Midgham railway station

Coordinates: 51°23′46″N 1°10′42″W / 51.3961°N 1.1783°W / 51.3961; -1.1783
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National Rail
Midgham Station, looking east
General information
LocationWoolhampton; Midgham, West Berkshire
Coordinates51°23′46″N 1°10′42″W / 51.3961°N 1.1783°W / 51.3961; -1.1783
Grid referenceSU572666
Managed byGreat Western Railway
Other information
Station codeMDG
ClassificationDfT category F2
Original companyBerks and Hants Railway
Pre-groupingGreat Western Railway
Key dates
21 December 1847Opened as "Woolhampton"
1 March 1873Renamed "Midgham"
2 November 1964Renamed "Midgham Halt"
5 May 1969Renamed "Midgham"
2018/19Decrease 30,556
2019/20Increase 36,770
2020/21Decrease 8,826
2021/22Increase 24,158
2022/23Increase 32,440
Passenger statistics from the Office of Rail and Road
The station looking to the west from the level crossing

Midgham railway station, formerly known as Woolhampton railway station, is a railway station in the English county of Berkshire. It is located in the village of Woolhampton, but takes its current name from the village of Midgham that lies some 2 miles (3.2 km) away.

The station is on the Reading to Taunton railway line and is 46 miles 59 chains (46.74 miles, 75.22 km) from London Paddington.


The line from Reading to Hungerford was planned by the Berks and Hants Railway, and before it was opened, it was absorbed by the Great Western Railway (GWR).[1] The station at Woolhampton was opened with the line on 21 December 1847;[2] it was originally named "Woolhampton" but on 1 March 1873 was renamed "Midgham".[3][4][5] The station appeared in a 1943 World War 2 information film for US service personnel titled A Welcome to Britain.[6]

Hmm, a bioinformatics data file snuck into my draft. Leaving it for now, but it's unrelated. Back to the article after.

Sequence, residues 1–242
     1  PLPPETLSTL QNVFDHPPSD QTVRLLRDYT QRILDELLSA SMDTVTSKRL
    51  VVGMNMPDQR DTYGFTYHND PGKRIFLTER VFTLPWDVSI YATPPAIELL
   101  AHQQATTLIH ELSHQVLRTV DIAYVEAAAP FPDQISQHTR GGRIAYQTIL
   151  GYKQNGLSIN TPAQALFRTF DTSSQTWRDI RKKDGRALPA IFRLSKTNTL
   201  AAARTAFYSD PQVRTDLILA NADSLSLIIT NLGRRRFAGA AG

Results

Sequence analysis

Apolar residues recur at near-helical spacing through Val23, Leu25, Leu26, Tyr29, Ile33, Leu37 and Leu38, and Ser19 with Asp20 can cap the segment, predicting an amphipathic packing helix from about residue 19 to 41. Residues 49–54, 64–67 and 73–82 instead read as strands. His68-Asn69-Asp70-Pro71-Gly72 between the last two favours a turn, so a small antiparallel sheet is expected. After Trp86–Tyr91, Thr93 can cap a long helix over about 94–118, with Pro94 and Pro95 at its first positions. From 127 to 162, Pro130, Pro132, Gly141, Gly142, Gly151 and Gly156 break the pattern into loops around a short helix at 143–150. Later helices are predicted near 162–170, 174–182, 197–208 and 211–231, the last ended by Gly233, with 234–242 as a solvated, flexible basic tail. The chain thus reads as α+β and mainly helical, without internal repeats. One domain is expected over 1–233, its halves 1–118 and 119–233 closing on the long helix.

The station was subsequently renamed twice by British Rail: on 2 November 1964 it became "Midgham Halt" but on 5 May 1969 it reverted to "Midgham".[7]


Midgham station is near the centre of Woolhampton village, on an unclassified road just south of its junction with the A4 road. There are two flanking platforms on each side of the double track line. The Reading bound platform has a small shelter and a small car park. The unclassified road crosses the railway line at the eastern end of the station by means of a level crossing, and this crossing also provides the only access between the platforms.


The station is served by local services operated by Great Western Railway from Reading to Newbury. Trains run hourly in both directions on Mondays to Saturdays, and every other hour on a Sunday. Typical journey times are about 12 minutes to Newbury and 20 minutes to Reading. Passengers for London Paddington must normally change trains at Reading (except on Sundays, when services run to & from the capital).[8]

Preceding station National Rail National Rail Following station
Aldermaston   Great Western Railway
Reading to Newbury
Local Services
Reading to Taunton line


On 10 August 1927, the leading bogie of the then new King class locomotive, 6003 King George IV, became derailed at speed approaching Midgham. This led to the suspension arrangement of the unusual bogie being improved.[9]


  1. ^ MacDermot, E.T. (1927). History of the Great Western Railway, vol. I: 1833-1863. Paddington: Great Western Railway. pp. 192–3, 294–5.
  2. ^ Butt, R.V.J. (1995). The Directory of Railway Stations. Yeovil: Patrick Stephens Ltd. p. 255. ISBN 1-85260-508-1. R508.
  3. ^ Butt 1995, pp. 159, 255
  4. ^ "Basingstoke Railway History in Maps". Christopher Tolley. 2001. Archived from the original on 6 December 2008. Retrieved 20 February 2015.
  5. ^ MacDermot 1927, p. 336
  6. ^ Archived at Ghostarchive and the Wayback Machine: WW2 Training Film for US Soldiers | How to Behave in Britain | 1943 – via YouTube.
  7. ^ Butt 1995, p. 159
  8. ^ Table 116 National Rail timetable, May 2016
  9. ^ Nock, O S (1967). The GWR Stars, Castles and Kings, Vol 1. Newton Abbott: David and Charles. pp. 131–132.

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